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Tomb of the Unknown Survivor

By Ben A. Roy
Ben A. Roy ’20 is a Classics concentrator in Kirkland House. His column appears on alternate Wednesdays.

There are those who do not survive the events of their lives. When this happens in the service of one’s country, many people consider those people to be heroes. Heroes are meant to be honored, but what can you do when all that remains is the body of the hero, and not their name, nor any clue as to who they were in life besides the wreckage of their corpse? A common grave is given to those known in war as the “unknown soldiers,” and they are honored not for the sacrifice they gave, but for the sacrifice they represent.

There are unknown survivors, too, and not just of war, but of a sadly innumerable array of atrocities. Odds are you know a survivor. I am a survivor. The only honor most of us ever get is the time we still have left to live.

I’d like to share with you some things that I am a survivor of. At the age of 10, I survived multiple sexual assaults. A few years later, I survived the long and messy divorce of my parents. At the beginning of this semester, I found out that I have been living with depression my entire life, so, right now, I am surviving depression (antidepressants are helping me a lot).

Now, you may expect that I will receive an outpouring of praise and warmth for what I have just written, and I welcome it. But my pen should not make me more deserving of love than those of us who cannot bear to tell another soul what they have lived through, their pain is so great. My voice, my courage, my vulnerability should not make me the only recipient you know of the support of the community. No one should have to write what I have written to feel that their life is valid.

I think a survivor is anyone who has been made to confront their own mortality, anyone whose life could have easily been rewritten as a tragedy, anyone who has had to choose to still be alive.

And you are not just a survivor once you’ve survived something traumatic, you are a survivor every single day afterwards, too, and you will always be a survivor so long as you continue to choose to lead your life the way you want to, in spite of all that you have lived through. You are a survivor because wherever you go, you carry the burden of your trauma with you. Sadly, many survivors choose to end their own lives as a way to escape their suffering, and so we do not just survive once, but our survival is a daily feat of willpower.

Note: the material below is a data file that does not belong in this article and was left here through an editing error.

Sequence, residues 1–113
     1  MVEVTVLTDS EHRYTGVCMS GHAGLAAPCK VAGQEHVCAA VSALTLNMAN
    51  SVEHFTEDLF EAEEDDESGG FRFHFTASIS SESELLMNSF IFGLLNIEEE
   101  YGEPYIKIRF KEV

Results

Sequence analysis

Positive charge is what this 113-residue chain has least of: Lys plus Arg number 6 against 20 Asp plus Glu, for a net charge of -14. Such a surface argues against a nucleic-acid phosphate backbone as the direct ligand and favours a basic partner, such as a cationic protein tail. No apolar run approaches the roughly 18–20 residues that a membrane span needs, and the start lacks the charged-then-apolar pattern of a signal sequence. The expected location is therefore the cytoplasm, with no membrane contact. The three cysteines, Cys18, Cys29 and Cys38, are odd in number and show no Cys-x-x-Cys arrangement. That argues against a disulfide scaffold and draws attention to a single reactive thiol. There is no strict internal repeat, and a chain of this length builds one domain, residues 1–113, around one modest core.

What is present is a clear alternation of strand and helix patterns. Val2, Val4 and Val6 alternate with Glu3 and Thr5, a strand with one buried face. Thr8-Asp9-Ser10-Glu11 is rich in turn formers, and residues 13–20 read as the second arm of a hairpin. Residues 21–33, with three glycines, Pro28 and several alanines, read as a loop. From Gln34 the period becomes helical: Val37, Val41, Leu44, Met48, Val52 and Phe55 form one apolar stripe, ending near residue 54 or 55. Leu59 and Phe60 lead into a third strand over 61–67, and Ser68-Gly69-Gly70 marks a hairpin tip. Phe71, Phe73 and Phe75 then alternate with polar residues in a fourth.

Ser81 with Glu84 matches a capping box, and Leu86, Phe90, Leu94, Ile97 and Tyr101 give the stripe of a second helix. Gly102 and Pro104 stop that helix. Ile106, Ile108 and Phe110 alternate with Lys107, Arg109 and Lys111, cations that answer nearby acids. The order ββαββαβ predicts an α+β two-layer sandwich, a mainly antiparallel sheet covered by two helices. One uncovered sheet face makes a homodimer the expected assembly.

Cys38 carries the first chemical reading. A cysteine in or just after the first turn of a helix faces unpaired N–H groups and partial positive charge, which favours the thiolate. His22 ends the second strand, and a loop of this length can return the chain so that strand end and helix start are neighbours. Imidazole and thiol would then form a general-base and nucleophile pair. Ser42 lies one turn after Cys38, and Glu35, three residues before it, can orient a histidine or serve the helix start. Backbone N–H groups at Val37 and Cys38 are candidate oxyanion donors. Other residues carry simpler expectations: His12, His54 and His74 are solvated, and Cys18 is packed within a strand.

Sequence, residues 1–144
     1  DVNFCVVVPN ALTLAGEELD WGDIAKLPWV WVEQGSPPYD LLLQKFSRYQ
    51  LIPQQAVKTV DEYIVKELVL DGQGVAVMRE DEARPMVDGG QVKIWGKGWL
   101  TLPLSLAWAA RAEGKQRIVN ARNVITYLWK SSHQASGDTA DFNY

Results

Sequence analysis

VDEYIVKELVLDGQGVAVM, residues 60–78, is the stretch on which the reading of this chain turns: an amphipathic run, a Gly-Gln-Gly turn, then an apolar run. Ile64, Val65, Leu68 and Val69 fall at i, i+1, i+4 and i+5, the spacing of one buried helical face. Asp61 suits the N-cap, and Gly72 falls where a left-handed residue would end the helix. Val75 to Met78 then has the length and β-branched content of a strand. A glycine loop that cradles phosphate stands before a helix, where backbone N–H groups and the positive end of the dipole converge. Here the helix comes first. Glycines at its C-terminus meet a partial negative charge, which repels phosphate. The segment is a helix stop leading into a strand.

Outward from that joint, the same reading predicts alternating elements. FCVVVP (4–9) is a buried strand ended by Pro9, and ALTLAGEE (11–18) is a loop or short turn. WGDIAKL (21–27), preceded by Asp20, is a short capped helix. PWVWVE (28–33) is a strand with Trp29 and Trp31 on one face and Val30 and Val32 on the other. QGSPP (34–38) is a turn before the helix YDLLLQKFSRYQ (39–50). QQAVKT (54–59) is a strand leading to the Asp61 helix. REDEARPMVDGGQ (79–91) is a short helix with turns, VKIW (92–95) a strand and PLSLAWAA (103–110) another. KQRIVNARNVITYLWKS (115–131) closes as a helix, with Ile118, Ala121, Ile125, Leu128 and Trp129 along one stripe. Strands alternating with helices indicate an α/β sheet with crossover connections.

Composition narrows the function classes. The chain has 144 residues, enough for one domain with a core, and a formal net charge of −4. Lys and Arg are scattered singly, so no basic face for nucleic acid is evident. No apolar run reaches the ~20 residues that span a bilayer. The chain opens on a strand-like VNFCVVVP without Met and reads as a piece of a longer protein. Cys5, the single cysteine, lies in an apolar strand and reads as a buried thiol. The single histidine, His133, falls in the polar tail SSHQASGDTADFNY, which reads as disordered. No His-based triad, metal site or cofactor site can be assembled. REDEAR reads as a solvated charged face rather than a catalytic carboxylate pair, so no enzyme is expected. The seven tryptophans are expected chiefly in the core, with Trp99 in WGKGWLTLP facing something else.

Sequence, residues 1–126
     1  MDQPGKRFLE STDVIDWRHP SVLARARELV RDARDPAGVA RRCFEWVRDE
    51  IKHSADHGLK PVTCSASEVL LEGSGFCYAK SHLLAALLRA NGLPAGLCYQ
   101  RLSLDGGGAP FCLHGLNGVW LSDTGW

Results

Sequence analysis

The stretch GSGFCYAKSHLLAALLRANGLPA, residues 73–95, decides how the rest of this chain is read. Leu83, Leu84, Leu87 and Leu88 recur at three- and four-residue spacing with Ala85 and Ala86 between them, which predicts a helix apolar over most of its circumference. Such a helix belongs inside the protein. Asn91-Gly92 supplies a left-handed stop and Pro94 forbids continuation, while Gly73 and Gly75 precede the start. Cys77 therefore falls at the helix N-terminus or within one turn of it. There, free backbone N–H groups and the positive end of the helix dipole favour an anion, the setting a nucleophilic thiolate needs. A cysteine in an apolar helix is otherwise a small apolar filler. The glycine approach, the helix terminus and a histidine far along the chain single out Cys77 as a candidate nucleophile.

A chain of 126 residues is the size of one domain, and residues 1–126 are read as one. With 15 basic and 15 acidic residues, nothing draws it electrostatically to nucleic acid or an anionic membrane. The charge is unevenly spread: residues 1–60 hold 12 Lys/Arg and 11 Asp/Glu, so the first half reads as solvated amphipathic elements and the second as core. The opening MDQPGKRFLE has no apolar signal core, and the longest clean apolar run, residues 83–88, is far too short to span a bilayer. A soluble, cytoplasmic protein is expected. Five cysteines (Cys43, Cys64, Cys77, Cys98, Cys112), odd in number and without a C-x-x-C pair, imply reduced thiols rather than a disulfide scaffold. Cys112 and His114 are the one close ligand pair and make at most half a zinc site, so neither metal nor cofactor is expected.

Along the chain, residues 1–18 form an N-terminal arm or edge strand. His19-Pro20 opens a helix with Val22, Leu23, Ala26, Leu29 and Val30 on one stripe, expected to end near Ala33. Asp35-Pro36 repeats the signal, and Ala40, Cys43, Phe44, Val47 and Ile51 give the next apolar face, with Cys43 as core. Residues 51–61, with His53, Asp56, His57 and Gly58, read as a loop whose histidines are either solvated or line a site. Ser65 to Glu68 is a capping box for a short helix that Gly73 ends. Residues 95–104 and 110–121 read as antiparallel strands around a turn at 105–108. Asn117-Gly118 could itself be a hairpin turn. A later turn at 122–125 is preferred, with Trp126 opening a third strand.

This column is the last time I will tell you that I am a survivor. You can know that I will always be one, because there are no gradations, there are no levels, there is no hierarchy of pain. Pain is pain is pain is pain is pain. Every strain is equally abominable, ought equally to be our collective enemy, might equally affect any one of us.

Odds are you know a survivor. Do not ask us to tell you what we have survived, or that we are survivors, or to qualify our pain at all. We have no one face, no one gender, no one complexion, no one religion, no one single trait held in common but perhaps the dark and telling look that fills our eyes when we are made to think of the past.

So, if we are to honor the unknown survivors who walk among us, with whom we laugh and chat and interact each and every day of our lives, let us build within each of our hearts a “Tomb of the Unknown Survivor,” so we might have a place to honor every ghost and mind and memory that wanders the earth without sharing its pain.

It is estimated that in all of history over a hundred billion human beings have lived, and most have known pain. Those of us still alive today are not so different, really. And so, as the dead do not need to explain their deaths to elicit our deepest sympathies, so, too, might we show those human beings who still share the world with us today the great depths of our love and compassion, and not ask them to explain to us the death that almost was their life.

Most of what we call our humanity is at odds with the principles of suffering. In fact, I believe we are most human when we alleviate the suffering of others, and that is essentially the foundation of any healthy community. We may differ in the sources of our trauma, but we are all alike in our suffering — like a jewel found deep within the hollow earth, the weight of the world has only served to make us a thing of beauty, brilliance, and of strength.

This is all to say, so long as there are people in your life, treasure them, and share with them the love you might reserve for the victims of the worst atrocities you can imagine. Who knows, you might just be right.

And remember, it’s easy to praise a writer — it’s hard to change your life.

Ben A. Roy ’20 is a Classics concentrator in Kirkland House. His column appears on alternate Wednesdays.

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